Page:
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Open-source web-based graphing calculator?

  1. Sep 10, 2015 #1

    bcrowell

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    I'm teaching first-semester calculus right now, and I'm noticing that a lot of my students are using the online graphing calculator at desmos.com. (I think this sort of thing is like nuclear power, it can be used for good or for evil.) I played with the desmos app, and although it seems nice in some ways (human-like math notation, ease of use), in others it doesn't seem that great (e.g., you can't independently adjust the x and y scales, which makes it useless for some functions).

    I also feel that like is too short to waste time with proprietary software, so I spent some time trying to figure out whether or not desmos is open-source, and I couldn't find any info. (There appears to be a project of that name on github, but the README is uninformative, and I can't even tell easily if it's the same thing as the web-based calculator.)

    I've also used something called relplot: http://www.cs.cornell.edu/w8/~andru/relplot/ . It's cool because it can handle things like implicit functions and inequalities, and it can do ps and pdf output. However, it's not really open-source. (It's only free for noncommercial use.)

    Does anyone have any comments on whether there is a free and open-source web-based graphing calculator application that is best of breed?
     
    Last edited: Sep 10, 2015
  2. jcsd
  3. Sep 10, 2015 #2
    Click the spanner.

    Someone has clearly invested a lot of money in this, I doubt the code will be open sourced. The API is public though.
     
  4. Sep 10, 2015 #3

    bcrowell

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    Ah, I see. Thanks.

    Well, if that logic always worked, then linux wouldn't be open-source, because millions of dollars have been invested in it. Anyway, I'm only interested in the open-source possibilities, so if desmos isn't open-source but there is something open-source and not quite as slick, the latter is what I'm looking for.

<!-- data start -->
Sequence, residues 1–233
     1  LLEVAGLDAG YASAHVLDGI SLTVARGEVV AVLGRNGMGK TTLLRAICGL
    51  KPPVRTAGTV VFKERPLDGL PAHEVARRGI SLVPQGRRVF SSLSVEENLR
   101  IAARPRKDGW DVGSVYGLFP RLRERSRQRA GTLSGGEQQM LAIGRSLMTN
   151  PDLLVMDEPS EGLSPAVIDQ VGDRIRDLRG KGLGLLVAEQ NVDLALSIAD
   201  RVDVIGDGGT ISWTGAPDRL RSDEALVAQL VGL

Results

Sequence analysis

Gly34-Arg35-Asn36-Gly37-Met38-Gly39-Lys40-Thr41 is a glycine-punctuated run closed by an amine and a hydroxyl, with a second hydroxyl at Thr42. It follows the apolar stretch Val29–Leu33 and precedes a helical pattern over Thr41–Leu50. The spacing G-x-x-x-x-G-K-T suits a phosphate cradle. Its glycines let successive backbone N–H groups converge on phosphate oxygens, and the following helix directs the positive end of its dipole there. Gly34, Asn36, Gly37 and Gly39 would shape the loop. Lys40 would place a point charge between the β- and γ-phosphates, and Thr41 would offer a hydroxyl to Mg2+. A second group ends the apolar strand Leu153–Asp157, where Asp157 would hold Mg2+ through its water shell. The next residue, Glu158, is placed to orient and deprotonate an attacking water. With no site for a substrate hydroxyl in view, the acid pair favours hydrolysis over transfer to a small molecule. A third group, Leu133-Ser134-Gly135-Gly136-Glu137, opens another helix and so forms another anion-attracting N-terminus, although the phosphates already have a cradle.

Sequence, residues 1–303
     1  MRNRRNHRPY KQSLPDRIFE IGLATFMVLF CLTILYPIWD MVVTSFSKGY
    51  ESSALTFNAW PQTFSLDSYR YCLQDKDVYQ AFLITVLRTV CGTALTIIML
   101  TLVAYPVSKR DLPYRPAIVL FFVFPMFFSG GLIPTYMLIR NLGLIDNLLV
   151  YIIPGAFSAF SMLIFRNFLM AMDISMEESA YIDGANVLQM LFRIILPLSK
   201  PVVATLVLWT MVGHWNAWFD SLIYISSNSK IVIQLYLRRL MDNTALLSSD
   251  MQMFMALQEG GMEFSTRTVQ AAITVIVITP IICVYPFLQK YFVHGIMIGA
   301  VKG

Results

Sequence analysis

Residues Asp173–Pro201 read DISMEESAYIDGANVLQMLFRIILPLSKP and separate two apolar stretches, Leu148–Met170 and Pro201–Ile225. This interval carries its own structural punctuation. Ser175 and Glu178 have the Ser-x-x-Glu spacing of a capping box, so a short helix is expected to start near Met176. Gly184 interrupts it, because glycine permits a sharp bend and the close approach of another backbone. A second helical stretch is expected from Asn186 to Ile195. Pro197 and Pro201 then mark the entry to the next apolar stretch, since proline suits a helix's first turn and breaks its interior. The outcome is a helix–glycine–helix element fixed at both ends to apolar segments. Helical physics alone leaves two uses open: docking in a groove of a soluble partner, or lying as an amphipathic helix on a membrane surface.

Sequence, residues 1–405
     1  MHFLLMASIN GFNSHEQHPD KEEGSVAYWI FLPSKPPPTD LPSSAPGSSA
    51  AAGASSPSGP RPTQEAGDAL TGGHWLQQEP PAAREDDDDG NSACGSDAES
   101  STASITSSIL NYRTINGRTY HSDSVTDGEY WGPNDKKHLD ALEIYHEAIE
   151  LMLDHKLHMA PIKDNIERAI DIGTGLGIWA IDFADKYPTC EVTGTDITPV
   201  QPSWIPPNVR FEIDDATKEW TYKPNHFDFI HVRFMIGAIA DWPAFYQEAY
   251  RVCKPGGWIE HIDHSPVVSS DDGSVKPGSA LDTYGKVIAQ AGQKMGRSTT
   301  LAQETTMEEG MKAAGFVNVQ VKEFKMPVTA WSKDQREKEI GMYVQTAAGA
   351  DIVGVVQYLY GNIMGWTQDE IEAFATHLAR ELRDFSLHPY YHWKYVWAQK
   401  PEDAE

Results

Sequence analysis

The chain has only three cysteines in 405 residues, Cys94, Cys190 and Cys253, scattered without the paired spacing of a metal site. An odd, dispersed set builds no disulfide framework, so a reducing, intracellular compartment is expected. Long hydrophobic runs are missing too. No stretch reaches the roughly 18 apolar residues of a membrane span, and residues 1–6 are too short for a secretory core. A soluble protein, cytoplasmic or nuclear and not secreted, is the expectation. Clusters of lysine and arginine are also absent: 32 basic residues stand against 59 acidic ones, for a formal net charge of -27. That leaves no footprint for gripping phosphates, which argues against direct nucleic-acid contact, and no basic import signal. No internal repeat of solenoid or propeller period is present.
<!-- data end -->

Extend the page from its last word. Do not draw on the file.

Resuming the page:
5. Sep 10, 2015 #4
    The millions of dollars have been invested since the first open source publication of the linux kernel, which Linus Torvalds wrote as a hobby with an investment of approximately FIM0.
     
  6. Sep 10, 2015 #5

    jedishrfu

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    Another option for your students is the FreeMat app that runs directly on your machine. It has many core features of MATLAB and can dynamically generate and scale plots automatically.

    A heftier solution would be to go with Julia and use the Anaconda distribution which is a web-based notebook page format i.e. you enter some code in a textbook and then it shows the output and allows you to either reedit or enter more code on the a succeeding textbook. Prof Dave Sanders has a tutorial on Julia using the Notebook style for teaching:

     
  7. Sep 12, 2015 #6

    bcrowell

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    @jedishrfu: Thanks for the info about FreeMat, although what I had more in mind was browser-based software.

    I've fiddled with julia and got a very negative impression of the quality of its implementation, which has scared me off.
     
  8. Sep 13, 2015 #7
    You could mash something up from an expression parser and a chart plotter, math.js is pretty good for the former, I've only used flot charting which is OK but there are now lots of alternatives that look good.
     
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